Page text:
15 September 2020
When voting stations closed in Arizona on Election Day in 2018, Martha McSally appeared to have won a seat in the United States Senate. McSally, the Republican Party's candidate, received the largest number of votes based on results from in-person voting. But her lead disappeared in the days that followed, with the counting of mail-in ballots.
"Electoral corruption - call for a new election?" President Donald Trump wrote on Twitter at the time. His suggestion had no effect. Six days after Election Day, McSally confirmed that she had lost to Kyrsten Sinema, the Democratic candidate.
A similar "blue shift" – with blue representing Democrats -- could play out in the U.S. presidential election on November 3. Some observers say Trump, a Republican, could have the most votes in early election returns but that Democrat Joe Biden could end up the winner in the days that follow.
Nearly half of Democrats say they plan to vote by mail. Only about one fourth of Republicans plan to do so. That information comes from an opinion study of likely voters by Reuters/Ipsos. Demand for mail-in voting is driven, in part, by fear of infection from the coronavirus in public.
Counting mail-in ballots is often slower because officials must open thick envelopes, inspect the ballots, and confirm voters' identities. The process is slower and more complex than that at polling stations, where voters mark ballots in person.
Biden's campaign is reportedly preparing for Trump to say that the election is being stolen as the lead changes. Even some Republicans worry that Trump might use the situation to question the results if he loses.
"The longer it takes to count absentee ballots, the more the narrative will take hold among Trump supporters and will be their ‘proof' to question unfavorable election results," said Dennis Darnoi. He is a Republican political strategist based in Michigan.
Trump has made unproven claims that mail voting leads to fraud. Many studies, however, show that voter fraud in the United States is extremely rare.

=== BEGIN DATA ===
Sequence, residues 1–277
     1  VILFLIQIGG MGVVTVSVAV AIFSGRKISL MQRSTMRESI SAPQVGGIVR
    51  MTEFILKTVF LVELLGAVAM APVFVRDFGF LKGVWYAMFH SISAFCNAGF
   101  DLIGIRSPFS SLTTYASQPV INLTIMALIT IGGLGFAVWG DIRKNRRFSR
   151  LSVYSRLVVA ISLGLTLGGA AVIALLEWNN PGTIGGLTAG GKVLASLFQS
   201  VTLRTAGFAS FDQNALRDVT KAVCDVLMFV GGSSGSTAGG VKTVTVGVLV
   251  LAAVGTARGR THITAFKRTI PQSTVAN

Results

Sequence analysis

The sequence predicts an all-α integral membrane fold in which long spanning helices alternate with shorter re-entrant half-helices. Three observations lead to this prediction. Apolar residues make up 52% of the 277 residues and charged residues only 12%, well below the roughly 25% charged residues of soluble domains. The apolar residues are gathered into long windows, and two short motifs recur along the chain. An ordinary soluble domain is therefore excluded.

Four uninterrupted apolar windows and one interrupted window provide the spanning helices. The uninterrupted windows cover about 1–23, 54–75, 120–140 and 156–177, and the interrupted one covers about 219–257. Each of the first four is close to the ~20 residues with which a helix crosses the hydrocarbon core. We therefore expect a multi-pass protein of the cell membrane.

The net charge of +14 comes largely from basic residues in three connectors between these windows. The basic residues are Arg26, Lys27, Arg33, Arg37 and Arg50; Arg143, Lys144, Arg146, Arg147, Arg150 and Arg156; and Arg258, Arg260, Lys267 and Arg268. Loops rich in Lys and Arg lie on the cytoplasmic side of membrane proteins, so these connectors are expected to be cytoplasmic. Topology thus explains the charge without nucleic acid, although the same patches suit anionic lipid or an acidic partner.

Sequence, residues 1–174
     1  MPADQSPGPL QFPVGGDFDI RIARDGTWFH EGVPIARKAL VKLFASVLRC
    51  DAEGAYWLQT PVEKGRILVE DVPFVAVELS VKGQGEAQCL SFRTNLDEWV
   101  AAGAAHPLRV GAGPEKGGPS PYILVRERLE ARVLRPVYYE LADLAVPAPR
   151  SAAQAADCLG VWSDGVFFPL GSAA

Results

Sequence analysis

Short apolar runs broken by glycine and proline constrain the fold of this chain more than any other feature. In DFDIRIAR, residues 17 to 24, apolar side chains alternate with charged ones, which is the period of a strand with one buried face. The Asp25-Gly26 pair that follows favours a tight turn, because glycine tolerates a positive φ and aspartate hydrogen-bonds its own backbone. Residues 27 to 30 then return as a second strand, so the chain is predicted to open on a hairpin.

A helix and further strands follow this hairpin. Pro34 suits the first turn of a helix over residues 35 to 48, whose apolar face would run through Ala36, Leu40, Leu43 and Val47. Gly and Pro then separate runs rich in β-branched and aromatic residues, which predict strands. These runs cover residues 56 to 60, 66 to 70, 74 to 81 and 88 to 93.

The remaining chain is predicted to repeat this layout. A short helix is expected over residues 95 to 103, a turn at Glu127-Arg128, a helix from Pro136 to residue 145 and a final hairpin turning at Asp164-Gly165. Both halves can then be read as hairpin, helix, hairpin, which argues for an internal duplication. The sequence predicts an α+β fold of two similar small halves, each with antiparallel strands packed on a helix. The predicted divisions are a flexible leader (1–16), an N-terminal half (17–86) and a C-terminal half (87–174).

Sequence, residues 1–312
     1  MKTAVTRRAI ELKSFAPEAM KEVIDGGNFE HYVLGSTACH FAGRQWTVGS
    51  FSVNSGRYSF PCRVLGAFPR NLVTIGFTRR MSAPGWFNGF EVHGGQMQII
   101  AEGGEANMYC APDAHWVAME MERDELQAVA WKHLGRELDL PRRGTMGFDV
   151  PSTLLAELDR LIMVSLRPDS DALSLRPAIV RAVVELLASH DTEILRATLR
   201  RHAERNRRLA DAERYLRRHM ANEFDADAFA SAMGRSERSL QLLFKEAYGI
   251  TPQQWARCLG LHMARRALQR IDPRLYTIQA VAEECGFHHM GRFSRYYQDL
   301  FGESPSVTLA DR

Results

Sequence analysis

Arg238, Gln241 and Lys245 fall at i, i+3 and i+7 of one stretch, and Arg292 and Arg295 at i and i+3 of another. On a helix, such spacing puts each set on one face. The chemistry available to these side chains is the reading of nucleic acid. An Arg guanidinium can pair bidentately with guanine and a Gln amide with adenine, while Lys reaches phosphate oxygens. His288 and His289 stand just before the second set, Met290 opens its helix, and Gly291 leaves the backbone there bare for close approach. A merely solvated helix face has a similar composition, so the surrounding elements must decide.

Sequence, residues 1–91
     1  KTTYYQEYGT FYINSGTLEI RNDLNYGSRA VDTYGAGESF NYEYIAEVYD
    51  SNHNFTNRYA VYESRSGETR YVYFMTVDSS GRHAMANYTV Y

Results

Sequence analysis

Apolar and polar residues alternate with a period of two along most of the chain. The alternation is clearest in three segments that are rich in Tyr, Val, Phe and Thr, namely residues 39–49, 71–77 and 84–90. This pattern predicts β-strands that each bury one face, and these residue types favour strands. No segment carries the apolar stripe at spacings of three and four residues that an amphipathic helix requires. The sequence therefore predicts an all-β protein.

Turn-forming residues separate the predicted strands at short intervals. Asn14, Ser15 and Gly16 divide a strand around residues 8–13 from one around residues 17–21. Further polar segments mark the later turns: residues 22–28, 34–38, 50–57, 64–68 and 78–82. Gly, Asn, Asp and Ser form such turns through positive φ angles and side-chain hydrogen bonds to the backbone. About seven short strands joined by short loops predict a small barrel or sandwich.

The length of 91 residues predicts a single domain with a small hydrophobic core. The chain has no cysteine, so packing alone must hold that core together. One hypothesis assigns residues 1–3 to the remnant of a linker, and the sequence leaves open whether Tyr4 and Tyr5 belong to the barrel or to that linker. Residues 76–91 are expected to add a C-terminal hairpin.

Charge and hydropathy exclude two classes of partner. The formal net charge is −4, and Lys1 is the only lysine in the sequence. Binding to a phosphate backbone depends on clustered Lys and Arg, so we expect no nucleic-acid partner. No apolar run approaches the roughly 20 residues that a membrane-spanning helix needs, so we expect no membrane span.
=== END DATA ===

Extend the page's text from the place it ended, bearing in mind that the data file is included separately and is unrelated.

Trump has not said whether he will respect the election results if he loses.
In more than 30 states, election officials can begin processing or even counting ballots before Election Day. These include states considered "battleground states" -- where races between the Republican and Democratic presidential nominees have been historically close.
But three states considered among the most competitive - Michigan, Pennsylvania and Wisconsin - bar officials from processing or counting ballots before Election Day. This may create delays in the results.
Rick Hasen is a law professor at the University of California at Irvine. He notes that, "If the election comes down to these states, and everyone is waiting on results, I'm concerned about social unrest. This is especially true if Trump is ahead on Election Day."
Trump campaign spokeswoman Thea McDonald told Reuters news agency that Democrats are creating disorder by pushing ‘conspiracy theories.'
"President Trump and his campaign are fighting for a free, fair...election in which every valid ballot counts — once," she said.
A winner in the presidential race might be known quickly if states such as Arizona and Florida publish results shortly after polls close. Both states have a long history of mail-in voting.
"The most likely scenario is that we'll know who the president is on Election Night," said Michael McDonald, a political science professor at the University of Florida.
Florida election officials, for example, will begin opening and confirming ballots at least three weeks before the election. They are not, however, permitted to count the results to know which candidate is ahead during that time.
U.S. presidential elections are decided by an Electoral College, not the popular vote. This means results in a battleground state like Florida, with 29 of the 270 electors needed to win, could decide the election results once its own vote counts are known.
In Michigan, an effort to process ballots a day before Election Day has failed to move forward. Some Republicans have argued that it might permit local officials to influence the results.
Ruth Johnson is the Republican state senator who proposed the bill to process ballots early. Johnson said she did not know why the state's Republican Senate Majority Leader had yet to act.
"It needs to be a priority, and I believe we do have the votes," she said.
Thea McDonald of the Trump campaign said it is "opposed to election officials knowing - and potentially attempting to change - the running tally before Election Day."
I'm Ashley Thompson.
The Reuters news agency reported this story. Ashley Thompson adapted it for VOA Learning English. George Grow was the editor.
Words in This Story
shift - n. a change in position or direction
narrative- n. a story that is told or written
envelope - n. an enclosing cover for a letter, card, etc.
strategist -n. a person who is skilled in making plans for reaching a goal
fraud - n. the crime of using dishonest methods to take something valuable from another person
ahead - adv. in the lead in a race or competition
scenario - n. a description of what could possibly happen
priority - n. something that is more important than other things and that needs to be done or dealt with first
potentially - adv. capable of becoming real
tally - n. a recorded count of scores, votes, etc.
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